The hardest part of this type of project is getting folks on board. "It's actually been really easy," stated Deaton. "People are so eager to get this ball rolling because people know how desperately the river needs to be cleaned and maintained."
The ball got really rolling as even local government sources jumped on the river cleaning train. "Both Livingston and Ascension Parish Waterway Commissions along with Livingston and Ascension Parish Sherriff's Offices, Louisiana Department of Wildlife & Fisheries, Homeland Security, and other parish officials will be helping us out," Rachel said. "We have an official confirmation that Congressman Garret Graves will be attending as well, so please come see him at Fred's at the 9 a.m. kick-off."
Rachel Deaton is very pleased with the early outcome as the committee has really done an amazing job and helping her pull this together. "Please, please, please register online beforehand at https://tinyurl.com/yxm5epw7." pleaded Rachel. "If you're wanting to come out and help, the volunteer meeting is August 8 at 6:30 p.m. at Fred's on the River.
"At this point that's when you'll meet your team leaders for the section of the river you'll work, and I'll of course be sending an email to everyone who registers online with a list of things we suggest they have in the boat and all the important info."
If you have any questions don't hesitate to contact Rachel Deaton at 225-503-6005, or email her at firstname.lastname@example.org.
Next, just a reminder, the East Ascension Sportsman’s League Kid's Fishing Rodeo will be held at Twin Lakes in Dutchtown on Saturday. The registration takes place from 6:30 - 7 a.m. The fishing cranks up at 7 a.m. with vehicle horns blowing. Horns will signify the end at 9 a.m. All the info can be found at www.easlonline.org.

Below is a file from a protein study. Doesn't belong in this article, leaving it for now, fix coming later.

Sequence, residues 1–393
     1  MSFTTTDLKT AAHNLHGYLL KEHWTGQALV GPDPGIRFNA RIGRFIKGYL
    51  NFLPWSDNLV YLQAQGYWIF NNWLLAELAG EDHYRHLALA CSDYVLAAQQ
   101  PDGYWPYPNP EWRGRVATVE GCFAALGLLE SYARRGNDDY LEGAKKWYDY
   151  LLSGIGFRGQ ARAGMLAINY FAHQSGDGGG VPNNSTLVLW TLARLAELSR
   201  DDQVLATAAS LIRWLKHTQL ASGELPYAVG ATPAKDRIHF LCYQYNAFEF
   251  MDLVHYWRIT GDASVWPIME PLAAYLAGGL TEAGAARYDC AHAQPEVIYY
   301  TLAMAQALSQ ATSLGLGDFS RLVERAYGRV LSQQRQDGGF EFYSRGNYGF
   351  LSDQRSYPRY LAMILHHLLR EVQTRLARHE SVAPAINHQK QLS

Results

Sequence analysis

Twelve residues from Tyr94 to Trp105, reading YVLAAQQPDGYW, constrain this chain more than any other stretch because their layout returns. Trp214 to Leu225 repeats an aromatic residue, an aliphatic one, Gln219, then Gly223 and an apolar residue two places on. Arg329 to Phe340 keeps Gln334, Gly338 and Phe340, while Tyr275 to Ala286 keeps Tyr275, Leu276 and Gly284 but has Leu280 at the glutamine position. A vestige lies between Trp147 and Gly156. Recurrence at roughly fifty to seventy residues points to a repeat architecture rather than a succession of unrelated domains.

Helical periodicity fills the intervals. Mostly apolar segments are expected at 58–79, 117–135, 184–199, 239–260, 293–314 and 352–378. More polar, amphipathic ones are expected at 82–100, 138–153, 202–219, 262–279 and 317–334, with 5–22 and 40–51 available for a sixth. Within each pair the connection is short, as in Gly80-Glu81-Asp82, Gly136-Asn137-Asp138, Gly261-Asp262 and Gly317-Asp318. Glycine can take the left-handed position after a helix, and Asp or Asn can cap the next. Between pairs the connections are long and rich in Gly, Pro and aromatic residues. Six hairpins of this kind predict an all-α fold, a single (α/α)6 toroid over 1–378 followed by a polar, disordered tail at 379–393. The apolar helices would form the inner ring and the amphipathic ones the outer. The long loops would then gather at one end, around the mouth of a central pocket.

We just returned from vacationing in Breckenridge, Colorado visiting family. We were treated to a vast amount of wildlife on our drive there and back. We saw wild turkeys, road runners, fox, moose, hundreds of pronghorn antelope and bison, as well as mule deer, and two bull elk.
My grandson, Canaan Watts and I took the opportunity to fish for rainbow trout in Montgomery Reservoir. We caught 13 and that allowed us to keep our limit of four each. We used spinners and night crawlers. It was a great trip. Until next time remember to keep the slack out, and set the hook hard. Have fun in the outdoors, be safe, and may God truly bless you!
Lyle Johnson is a free-lance writer, co-host of Ascension Outdoors TV and Curator of the Louisiana State Fish Records. He can be contacted at email@example.com.
EASL Monthly Meeting: 3rd Monday every month, East Ascension Sportsman's League meeting held at Gonzales Fire Dept on Orice Roth Road. starting at 7 p.m. A meal served and special speaker will be in attendance.
Wednesday Evening Bass Tourney: Every Wednesday at Canal Bank from 5 p.m. until dark. Fee $40/boat, one time registration fee of $40 going toward the Classic Tournament. Weekly event through spring, summer. Call Canal Bank for information. 225-695-9074
CCA Louisiana S.T.A.R. Fishing Rodeo: May 25 thru Sept 2 summer-long CCA Louisiana saltwater fishing event. Tagged Redfish, Offshore, Inshore, Ladies & Children's divisions. Registration required. Must be CCA member. Website: ccastar.com.
EASL Kid's Fishing Rodeo: July 27 at Twin Lakes in Dutchtown. Registration at 6:30 a.m., fish from 7:00 to 9:00 weigh-in after. Door prizes for all kids, bike giveaways, trophies, donuts, hot dogs and jambalaya. Open to the public and there is no charge. All info at www.easlonline.org
Ascension Area Anglers Open Tournament: August 17 @ Doiron's Landing in Stevensville. Pick your partner, entry fee $100 per team, 75 percent payback. Application available at www.fishingfortucker.com. Call Ryan Lavigne for info 225-921-9332.
Ride the Bull Extreme Kayak Redfish Tournament: August 23 & 24 taking place at Bridgeside Marina in Grand Isle. Sponsored by CCA Louisiana. For all the info & registration so to www.ccalouisiana.com.
Need an event publicized? Contact Lyle at firstname.lastname@example.org